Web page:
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Conflict Resolution Education in Teacher Education A Collaboration between Cleveland State University, Temple University, Kent State University, and the.

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Presentation on theme: "Conflict Resolution Education in Teacher Education A Collaboration between Cleveland State University, Temple University, Kent State University, and the."— Presentation transcript:

1 Conflict Resolution Education in Teacher Education A Collaboration between Cleveland State University, Temple University, Kent State University, and the Ohio Commission for Dispute Resolution and Conflict Management. Funded by the George Gund Foundation

2 CRETE Mission The mission of the CRETE project is to provide pre-service teachers with critical skills and knowledge of conflict education and classroom management necessary for cultivating constructive learning environments for children, enhancing student learning and bolstering teacher retention.

3 What is CRE Conflict Resolution Education teaches social and emotional competencies to children and adults to help them handle conflict more constructively, build healthy relationships, and create constructive communities. Conflict Resolution Education, as a field, overlaps with violence prevention, positive youth development, social and emotional learning, and law-related education.

4 Core Competencies in CRE Emotional Awareness Empathy and Perspective-Taking Emotional Management Problem-Solving Communication (listening, negotiation, and mediation) Effective Decision Making

5 Basic Goals of CRE Enhance Childrens Social and Emotional Development Create a Safe Learning Environment Create a Constructive Learning Environment Create a Constructive Conflict Community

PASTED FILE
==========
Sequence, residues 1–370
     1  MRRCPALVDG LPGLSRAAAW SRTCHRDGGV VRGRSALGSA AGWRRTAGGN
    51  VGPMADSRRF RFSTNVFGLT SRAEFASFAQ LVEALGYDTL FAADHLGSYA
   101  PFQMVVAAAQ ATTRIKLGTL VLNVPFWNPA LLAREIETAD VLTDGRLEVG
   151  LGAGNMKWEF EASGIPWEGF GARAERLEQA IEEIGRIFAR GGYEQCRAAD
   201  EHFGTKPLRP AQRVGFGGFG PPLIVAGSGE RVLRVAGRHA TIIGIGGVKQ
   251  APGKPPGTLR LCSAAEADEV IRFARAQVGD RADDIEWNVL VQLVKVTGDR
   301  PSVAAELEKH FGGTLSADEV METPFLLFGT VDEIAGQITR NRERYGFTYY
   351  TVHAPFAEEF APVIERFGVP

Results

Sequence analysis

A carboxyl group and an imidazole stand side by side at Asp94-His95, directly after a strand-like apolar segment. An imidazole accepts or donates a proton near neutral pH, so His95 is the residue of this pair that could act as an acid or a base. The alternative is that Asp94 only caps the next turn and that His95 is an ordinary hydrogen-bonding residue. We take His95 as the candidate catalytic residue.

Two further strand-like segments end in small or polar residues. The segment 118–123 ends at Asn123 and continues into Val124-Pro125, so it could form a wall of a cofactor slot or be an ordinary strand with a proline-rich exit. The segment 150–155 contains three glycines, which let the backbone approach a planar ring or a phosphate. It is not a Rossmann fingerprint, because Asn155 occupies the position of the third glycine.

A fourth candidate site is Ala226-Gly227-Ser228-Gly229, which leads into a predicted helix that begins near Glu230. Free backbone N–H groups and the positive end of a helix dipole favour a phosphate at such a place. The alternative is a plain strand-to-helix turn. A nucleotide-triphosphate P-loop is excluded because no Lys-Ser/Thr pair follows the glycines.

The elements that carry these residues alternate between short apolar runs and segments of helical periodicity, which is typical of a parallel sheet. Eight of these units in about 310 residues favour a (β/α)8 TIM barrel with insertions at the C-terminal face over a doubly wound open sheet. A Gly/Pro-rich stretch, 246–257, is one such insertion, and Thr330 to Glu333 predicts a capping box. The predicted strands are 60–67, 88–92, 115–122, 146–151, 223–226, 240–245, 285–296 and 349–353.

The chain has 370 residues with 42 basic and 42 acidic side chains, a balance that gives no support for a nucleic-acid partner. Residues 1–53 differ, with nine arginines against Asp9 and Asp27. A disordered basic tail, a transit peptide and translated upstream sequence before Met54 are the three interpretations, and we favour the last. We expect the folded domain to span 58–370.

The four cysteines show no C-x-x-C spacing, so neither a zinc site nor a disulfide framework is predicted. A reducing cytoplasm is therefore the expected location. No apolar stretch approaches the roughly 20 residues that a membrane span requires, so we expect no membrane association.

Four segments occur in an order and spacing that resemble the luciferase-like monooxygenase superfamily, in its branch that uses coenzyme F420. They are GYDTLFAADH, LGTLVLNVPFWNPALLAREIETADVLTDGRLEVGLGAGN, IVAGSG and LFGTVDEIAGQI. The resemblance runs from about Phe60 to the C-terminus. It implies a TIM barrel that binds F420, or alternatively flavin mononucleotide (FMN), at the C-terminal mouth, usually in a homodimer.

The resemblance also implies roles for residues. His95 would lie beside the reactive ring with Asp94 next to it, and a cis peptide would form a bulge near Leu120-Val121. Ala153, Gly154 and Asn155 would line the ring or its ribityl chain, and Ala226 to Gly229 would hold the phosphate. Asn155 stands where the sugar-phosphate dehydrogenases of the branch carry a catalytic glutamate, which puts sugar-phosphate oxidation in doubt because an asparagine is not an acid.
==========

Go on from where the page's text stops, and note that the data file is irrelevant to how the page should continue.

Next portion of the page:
6 The Benefits of CRE E nhance Students Social and Emotional Development CRE INCREASES Perspective taking (Jones et al, 1998; Lane- Garon, 1998 ) Constructive conflict behavior (Johnson, Johnson, 1996) constructive CR at home and school (Johnson & Johnson 2001; Sandy & Cochran, 2000)

7 The Benefits of CRE E nhance Students Social and Emotional Development Decreased Aggressiveness (Jones et al, 1998) 3 x 3 (program model – peer mediation v. peaceable classroom v. control; educational level – elementary, middle, high) in three cities (27 schools, 8500 students, 700 teachers/staff) Verbal aggressiveness and aggressive orientation (Aber, Brown & Jones, 2003) Hostile Attribution and aggressive orientation

8 The Benefits of CRE Create a Safe Learning Environment CRE decreases Discipline referrals/suspensions for violent incidents (Shapiro, Burgoon, Welker, & Clough (2002) Grades 4-8, n = 2,000, urban, pre-post and control 41% decrease in aggression-related disciplinary incidents 67% reduction in suspensions for violent behavior (Farrell, Meyer, & White, 2001) Grade 6, pre-post and control, urban Impact on violent behavior was more evident for those with high pretest levels of problem behavior Impact maintain at 12 month follow-up Discipline Referral in Special Needs Population (Jones & Bodtker, 2000)